9. Silvia, I wouldn’t say nobody would have read the book if it weren’t for the controversy because Elif Safak is already an established novelist in Turkey and she has a regular readership.

    However, I do agree that some of her writerly anxieties make the book feel a bit contrived at times. I will not go into the Armenian question because a lot of people have already talked about it but as a person who lived all his life in Istanbul, I found her representation of Istanbul in the first chapter extremely stereotypical and I was very frustrated. Luckily, the remaining chapters were better.

    I think since she wrote the book in English and had an international intended audience, she was anxious to give a picture of Istanbul in the first chapter that is recognizable to them by using stereotypes, but that ends up creating some minor yet (to me as someone from Istanbul) siginificant mistakes. Some of these from the first chapter:

    – Zeliha is walking to her gyno appointment and passes through the old bazaar (kapali carsi) and her appointment is supposed to be in one of the richest neighborhoods in Istanbul. The thing is, the old bazaar is not in walking distance to any of the rich neighborhoods of Istanbul.

    – When she arrives in the doctor’s office, it’s supposed to be 4 pm on Friday, and she starts hearing the Friday prayer from the mosques. Any muslim person would know that the Friday prayer is around 1pm, not after 4 pm.

    – Again, when she is in the doctor’s office, she is hearing street vendors selling ‘tangerines’, but I know for a fact, that street vendors wouldn’t sell tangerines in the summer months. It would have been more authentic if she said something like tomatoes, cucumbers, or even plums.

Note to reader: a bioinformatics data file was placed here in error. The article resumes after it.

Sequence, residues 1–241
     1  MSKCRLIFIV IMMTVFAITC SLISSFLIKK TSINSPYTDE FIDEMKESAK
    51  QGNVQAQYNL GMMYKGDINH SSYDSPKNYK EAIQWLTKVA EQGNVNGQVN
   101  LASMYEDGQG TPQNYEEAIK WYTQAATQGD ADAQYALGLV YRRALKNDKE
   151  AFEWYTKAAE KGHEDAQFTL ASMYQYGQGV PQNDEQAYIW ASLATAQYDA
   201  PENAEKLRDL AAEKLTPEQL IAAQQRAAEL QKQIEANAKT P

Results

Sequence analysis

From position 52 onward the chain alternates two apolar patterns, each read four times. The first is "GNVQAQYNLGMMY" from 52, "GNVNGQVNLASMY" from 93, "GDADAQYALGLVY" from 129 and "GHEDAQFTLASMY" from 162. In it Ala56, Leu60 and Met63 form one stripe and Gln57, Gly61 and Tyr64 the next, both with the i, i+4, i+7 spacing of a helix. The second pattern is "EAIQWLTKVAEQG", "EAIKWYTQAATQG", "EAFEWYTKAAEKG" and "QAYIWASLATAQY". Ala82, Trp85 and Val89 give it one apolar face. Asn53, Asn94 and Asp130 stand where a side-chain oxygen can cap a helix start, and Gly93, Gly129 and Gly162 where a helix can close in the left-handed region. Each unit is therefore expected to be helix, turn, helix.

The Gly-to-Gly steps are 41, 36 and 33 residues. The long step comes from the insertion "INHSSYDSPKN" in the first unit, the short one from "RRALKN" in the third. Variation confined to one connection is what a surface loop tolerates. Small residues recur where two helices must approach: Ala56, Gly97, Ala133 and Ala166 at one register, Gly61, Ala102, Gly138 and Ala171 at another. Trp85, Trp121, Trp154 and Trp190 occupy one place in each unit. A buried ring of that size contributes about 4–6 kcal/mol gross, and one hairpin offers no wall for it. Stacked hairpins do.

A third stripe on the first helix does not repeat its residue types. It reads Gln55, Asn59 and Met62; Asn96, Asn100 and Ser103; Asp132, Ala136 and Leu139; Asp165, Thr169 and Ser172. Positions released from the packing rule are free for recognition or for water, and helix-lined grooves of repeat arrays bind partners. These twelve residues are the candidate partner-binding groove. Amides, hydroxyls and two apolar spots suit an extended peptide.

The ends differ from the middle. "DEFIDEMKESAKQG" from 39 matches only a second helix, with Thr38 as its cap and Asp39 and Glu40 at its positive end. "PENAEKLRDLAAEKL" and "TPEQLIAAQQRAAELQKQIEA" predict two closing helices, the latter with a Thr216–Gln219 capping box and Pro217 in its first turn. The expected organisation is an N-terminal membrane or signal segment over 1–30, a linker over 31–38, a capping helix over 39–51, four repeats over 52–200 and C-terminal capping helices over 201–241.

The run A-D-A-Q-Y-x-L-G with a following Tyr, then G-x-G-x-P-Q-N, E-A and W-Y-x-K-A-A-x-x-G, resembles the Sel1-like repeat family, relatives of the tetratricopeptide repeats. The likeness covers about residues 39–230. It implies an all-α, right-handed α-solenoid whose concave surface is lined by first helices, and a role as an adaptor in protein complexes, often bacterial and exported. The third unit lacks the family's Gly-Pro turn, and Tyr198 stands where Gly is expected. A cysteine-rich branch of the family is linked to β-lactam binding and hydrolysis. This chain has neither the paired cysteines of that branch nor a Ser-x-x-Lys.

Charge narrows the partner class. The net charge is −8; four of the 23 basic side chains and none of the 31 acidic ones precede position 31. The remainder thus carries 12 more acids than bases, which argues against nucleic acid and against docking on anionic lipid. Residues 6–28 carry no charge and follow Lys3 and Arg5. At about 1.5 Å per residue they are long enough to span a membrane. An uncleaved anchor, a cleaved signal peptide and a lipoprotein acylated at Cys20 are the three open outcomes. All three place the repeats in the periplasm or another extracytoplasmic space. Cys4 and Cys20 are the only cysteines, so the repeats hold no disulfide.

There are also some more subjective stereotypes presented in the first chapter.

    For example, when Zeliha is younger, they have a cleaning lady who is supposed to be Kurdish, but the way she and her daughter are presented is very stereotypical.

    – Again, when Zeliha is in the doctor’s office, she presents three caricatures of women who are waiting for their appointment and she immediately assumes that the one with the headscarf is there because she is not able to conceive, AS IF, no secular woman has that problem, and AS IF, religious women never go to a gynocologist unless it’s because of infertility treatment.

    Also, Zeliha’s portrayal in chapter 1 as a free-spirited woman in the late 80s (I am assuming that’s the setting of the first chapter) didn’t sound very convincing to me.

    As I said above, I was ready to stop reading the book but the rest of the book turned out to be less stereotype-ridden than the first chapter. So, I continued reading. (Though I am sure, if I was familiar with Armenian American culture, I would recognize more stereotypes in chapter 2).